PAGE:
I've never taught any of my budgies to talk. Usually repeating words or phrases is a great way to teach them. Like saying "hello" every time you see them. Some budgies however never learn to talk. It's also important to keep in mind that African Greys are known for being some of the best talkers in the bird world. While budgies are capable of learning many words, I wouldn't be expecting them to have the same ability as an African Grey would.
My budgie has learnt to say "pretty boy" although he's not very clear when he says it. But he also mimics my canary very well, so well that it's hard to tell them apart sometimes. It's very funny when they're singing in unison.
I have a feeling that the best time they'll pick up words is when they're young.
The best thing to do is to repeat one word or phrase to your budgie several times throughout the day.
Use the same inflection each time.
I had a budgie when I was growing up that said a great many phrases.
Just a small sample included: Hello!; You're a cute baby bird; Wanta Cheeseburger?; Sweetie is a pretty bird. etc.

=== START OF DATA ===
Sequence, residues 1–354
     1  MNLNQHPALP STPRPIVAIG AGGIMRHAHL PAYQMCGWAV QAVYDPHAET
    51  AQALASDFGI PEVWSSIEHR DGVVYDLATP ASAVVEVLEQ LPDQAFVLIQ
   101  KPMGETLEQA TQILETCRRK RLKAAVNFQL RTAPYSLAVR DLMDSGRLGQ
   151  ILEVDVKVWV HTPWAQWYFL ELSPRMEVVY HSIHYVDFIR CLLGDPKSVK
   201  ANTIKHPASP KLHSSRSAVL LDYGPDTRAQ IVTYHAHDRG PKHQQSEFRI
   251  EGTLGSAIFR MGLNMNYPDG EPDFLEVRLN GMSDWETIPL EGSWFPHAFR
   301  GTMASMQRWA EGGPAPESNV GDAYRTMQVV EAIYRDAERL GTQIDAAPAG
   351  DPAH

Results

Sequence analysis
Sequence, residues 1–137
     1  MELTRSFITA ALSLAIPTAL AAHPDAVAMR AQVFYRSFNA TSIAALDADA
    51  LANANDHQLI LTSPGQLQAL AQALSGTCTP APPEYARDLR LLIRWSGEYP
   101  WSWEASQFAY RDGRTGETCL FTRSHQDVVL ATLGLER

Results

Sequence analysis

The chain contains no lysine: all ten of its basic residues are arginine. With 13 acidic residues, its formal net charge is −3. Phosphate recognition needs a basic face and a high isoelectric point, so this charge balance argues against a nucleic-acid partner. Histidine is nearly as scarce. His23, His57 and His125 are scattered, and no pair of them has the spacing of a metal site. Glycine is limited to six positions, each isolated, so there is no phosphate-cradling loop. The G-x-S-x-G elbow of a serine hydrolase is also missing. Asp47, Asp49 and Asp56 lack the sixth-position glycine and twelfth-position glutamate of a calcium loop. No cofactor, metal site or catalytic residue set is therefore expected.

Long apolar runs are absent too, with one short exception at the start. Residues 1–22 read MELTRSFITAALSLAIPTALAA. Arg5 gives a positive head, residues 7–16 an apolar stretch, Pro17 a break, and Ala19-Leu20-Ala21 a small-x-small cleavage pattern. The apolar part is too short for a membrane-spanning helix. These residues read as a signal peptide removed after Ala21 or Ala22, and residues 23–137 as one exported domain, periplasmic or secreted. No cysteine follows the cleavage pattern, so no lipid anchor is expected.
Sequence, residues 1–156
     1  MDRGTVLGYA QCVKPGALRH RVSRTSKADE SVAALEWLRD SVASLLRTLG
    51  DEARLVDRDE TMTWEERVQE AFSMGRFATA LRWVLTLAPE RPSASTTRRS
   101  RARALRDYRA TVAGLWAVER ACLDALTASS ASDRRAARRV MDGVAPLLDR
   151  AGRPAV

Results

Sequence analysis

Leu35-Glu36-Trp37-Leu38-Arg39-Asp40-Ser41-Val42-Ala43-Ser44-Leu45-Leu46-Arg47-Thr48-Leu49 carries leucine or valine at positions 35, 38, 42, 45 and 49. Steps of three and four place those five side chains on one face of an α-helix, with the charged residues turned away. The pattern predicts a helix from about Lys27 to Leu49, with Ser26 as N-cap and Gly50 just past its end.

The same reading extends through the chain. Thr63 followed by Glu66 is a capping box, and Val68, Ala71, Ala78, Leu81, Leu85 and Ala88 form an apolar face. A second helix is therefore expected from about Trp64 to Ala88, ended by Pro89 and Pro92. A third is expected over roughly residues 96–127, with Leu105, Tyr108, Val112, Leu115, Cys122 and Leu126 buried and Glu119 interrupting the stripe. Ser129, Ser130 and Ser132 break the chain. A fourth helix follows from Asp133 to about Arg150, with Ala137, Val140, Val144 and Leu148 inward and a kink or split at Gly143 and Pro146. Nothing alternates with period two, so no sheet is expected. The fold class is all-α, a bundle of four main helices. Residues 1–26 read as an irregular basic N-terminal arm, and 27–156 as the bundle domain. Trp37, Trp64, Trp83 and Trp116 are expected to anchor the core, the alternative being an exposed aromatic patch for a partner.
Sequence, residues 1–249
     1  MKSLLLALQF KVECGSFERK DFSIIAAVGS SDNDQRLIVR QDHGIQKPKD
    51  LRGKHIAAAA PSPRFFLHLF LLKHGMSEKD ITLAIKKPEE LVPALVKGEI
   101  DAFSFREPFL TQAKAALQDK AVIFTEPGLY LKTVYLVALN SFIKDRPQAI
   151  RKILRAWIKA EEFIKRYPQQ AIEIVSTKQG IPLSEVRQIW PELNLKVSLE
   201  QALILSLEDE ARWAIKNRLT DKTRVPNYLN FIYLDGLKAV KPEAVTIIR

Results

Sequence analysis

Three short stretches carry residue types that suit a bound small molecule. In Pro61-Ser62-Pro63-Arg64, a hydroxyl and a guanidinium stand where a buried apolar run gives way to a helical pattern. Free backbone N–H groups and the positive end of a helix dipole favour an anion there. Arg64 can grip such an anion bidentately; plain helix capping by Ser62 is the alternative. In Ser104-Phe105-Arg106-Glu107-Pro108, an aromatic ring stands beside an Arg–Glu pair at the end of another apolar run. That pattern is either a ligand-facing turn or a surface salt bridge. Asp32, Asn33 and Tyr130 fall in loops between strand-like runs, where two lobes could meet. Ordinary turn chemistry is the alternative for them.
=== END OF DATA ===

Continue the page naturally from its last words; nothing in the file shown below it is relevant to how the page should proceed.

When I got my budgie Skipper (whom I still have) I taught him to say several phrases as well.
He loved to say "Whatcha doin'?" "Hi, Skippooter"
"Skipper is a cute baby bird", "Where's Scooter?" and several other phrases.
However, once I started adding multiple budgies to the flock and there were more than three, Skipper decided he'd much prefer to revert back to speaking only "budgie talk".
Once in a great while he'll sneak in "you're cute!" but generally now he only speaks "budgie".
You can start working with teaching your budgie words as soon as you get him or her.
Some budgies are very receptive to mimicking human speech while others have no interest whatsoever.
My budgie Smol won't shut up! It's true that some just aren't interested in talking and some love it, but I think it really boils down to having a really good emotional bond with your budgie. The more it likes you, the more it will want to mimic you!
Smol responds best to repetition (obviously) and very excited higher pitched voices. Also starting with something small I think is a good idea, maybe one or two syllables. Then giving them a bit of a challenge later on. Smol didn't start mimicking until I had him around 2 or 3 months. He now will pick up anything that fancies him if it's said only a few times around him! (I have to watch what I say around him honestly)
Another thing with getting them to say specific things is little reminders now and again. Over time Smol will forget a phrase or just lose interest in it, and I'll give him a little recap and repeat some phrases to him, he picks them up again really quick!
Again it really depends on the budgie, but either way communication with your bird is vital to your relationship with it! All birds love sounds, so talking to it is the best way to get THEM talking. Good luck!